In the Brooklyn Rail, Jose A. Tapia, a professor of politics at Drexel University in Philadelphia, provides a somewhat wonky but nonetheless lucid assessment of the present state of the global economy. He suggests that if past trends are any indication, the capitalist system may be heading for a recession later this year or next. An excerpt:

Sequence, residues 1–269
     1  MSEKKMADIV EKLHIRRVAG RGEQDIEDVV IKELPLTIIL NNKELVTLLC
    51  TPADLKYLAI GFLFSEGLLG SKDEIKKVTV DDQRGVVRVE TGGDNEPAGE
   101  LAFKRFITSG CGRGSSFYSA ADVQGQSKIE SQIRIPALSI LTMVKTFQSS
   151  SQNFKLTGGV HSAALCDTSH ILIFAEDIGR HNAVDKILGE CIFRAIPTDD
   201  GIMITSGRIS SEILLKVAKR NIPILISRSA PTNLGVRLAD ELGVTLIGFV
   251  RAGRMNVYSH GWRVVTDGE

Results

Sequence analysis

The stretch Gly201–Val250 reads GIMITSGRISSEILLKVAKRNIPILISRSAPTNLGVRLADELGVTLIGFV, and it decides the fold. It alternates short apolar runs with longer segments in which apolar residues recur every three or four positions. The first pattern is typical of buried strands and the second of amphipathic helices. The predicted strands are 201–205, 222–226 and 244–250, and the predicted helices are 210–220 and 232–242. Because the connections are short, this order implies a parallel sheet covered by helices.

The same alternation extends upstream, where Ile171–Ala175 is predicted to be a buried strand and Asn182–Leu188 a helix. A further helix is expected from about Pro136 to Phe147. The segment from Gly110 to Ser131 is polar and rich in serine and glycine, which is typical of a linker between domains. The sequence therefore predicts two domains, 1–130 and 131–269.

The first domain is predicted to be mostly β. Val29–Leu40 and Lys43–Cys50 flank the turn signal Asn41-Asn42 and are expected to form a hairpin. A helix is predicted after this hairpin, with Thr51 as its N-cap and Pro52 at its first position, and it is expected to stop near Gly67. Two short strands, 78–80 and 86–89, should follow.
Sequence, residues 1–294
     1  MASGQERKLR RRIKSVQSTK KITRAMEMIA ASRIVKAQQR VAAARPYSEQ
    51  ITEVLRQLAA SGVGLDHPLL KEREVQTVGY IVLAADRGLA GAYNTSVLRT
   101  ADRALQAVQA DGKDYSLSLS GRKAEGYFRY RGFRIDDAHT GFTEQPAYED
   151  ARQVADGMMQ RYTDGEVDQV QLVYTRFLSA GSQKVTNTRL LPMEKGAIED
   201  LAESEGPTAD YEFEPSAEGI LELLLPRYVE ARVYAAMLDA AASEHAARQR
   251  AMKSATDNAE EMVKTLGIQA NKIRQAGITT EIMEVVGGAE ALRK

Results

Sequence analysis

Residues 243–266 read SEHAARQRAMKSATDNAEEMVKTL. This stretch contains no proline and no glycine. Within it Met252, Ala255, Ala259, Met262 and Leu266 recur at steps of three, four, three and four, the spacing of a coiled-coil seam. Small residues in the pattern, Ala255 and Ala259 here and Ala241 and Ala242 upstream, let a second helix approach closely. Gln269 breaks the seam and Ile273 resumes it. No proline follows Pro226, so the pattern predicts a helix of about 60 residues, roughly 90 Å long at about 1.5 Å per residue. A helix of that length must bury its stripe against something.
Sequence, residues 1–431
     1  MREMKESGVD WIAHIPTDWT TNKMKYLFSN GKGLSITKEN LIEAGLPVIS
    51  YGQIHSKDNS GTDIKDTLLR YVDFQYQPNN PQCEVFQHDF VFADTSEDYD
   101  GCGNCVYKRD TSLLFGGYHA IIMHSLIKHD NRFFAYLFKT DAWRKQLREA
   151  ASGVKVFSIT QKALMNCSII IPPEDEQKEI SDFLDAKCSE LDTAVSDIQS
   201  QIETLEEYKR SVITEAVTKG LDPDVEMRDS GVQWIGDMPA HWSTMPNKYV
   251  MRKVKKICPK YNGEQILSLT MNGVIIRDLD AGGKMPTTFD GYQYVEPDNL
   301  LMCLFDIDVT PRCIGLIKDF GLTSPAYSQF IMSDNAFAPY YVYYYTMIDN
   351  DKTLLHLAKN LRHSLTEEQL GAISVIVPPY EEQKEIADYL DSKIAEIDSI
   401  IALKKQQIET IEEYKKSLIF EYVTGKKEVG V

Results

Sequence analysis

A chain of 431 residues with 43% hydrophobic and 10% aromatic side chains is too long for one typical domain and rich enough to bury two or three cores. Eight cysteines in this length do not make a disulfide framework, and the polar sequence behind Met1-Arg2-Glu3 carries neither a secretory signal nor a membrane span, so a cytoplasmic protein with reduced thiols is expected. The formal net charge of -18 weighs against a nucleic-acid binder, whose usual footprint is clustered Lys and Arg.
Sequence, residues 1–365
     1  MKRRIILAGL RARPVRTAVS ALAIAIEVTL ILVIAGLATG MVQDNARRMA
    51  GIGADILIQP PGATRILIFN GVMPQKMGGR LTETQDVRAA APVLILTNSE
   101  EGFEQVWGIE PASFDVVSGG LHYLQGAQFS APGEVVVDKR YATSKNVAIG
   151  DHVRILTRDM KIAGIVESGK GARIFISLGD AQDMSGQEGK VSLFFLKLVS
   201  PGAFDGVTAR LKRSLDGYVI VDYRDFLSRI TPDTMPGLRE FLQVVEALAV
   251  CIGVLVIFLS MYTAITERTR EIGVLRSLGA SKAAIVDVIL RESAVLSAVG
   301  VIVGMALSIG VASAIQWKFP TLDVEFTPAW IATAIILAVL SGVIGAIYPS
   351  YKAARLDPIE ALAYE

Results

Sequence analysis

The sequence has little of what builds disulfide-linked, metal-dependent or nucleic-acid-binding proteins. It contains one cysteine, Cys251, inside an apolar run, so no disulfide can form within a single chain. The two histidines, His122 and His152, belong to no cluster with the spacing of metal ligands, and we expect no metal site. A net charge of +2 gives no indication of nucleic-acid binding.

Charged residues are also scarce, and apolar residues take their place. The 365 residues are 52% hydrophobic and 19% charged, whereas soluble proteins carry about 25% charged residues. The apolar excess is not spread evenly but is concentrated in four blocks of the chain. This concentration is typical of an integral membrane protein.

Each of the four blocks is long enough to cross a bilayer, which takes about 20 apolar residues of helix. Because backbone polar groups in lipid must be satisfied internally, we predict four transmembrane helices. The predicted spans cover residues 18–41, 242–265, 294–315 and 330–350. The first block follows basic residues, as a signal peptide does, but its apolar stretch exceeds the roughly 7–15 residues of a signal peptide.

It is indeed possible that we are, right now, in a new recession of the world economy, though if that were the case the recession would have begun in an insidious and creeping way, not with financial turmoil like the one that marked the outburst of the Great Recession of 2008 or the recession of the turn of the century, which was very mild in the U.S. but was accompanied by financial debacles in many countries of Latin America and Asia. Another possibility is that we are now in a “rare” period of the global economy in which there is neither a clear expansion nor a clear recession. To decide among these possibilities more perspective is needed. What is certain now is that the reduction of profits in the U.S. in 2014 is likely a manifestation of the decline in capital returns in the world economy. That is the reason why everywhere in the world huge masses of money are idle in safes and bank deposits, waiting for “investment opportunities.” Though economists tend to ignore this fact, corporate profits, returns on investment, are the engine of the capitalist system. Unless some very unexpected factor—like workers deciding to work much more for much less—increases the profitability of capital in the near future, everything suggests that the world economy will go soon into recession, if not in 2016, then not much later. But as the joke goes, predictions are always risky, especially when they concern the future.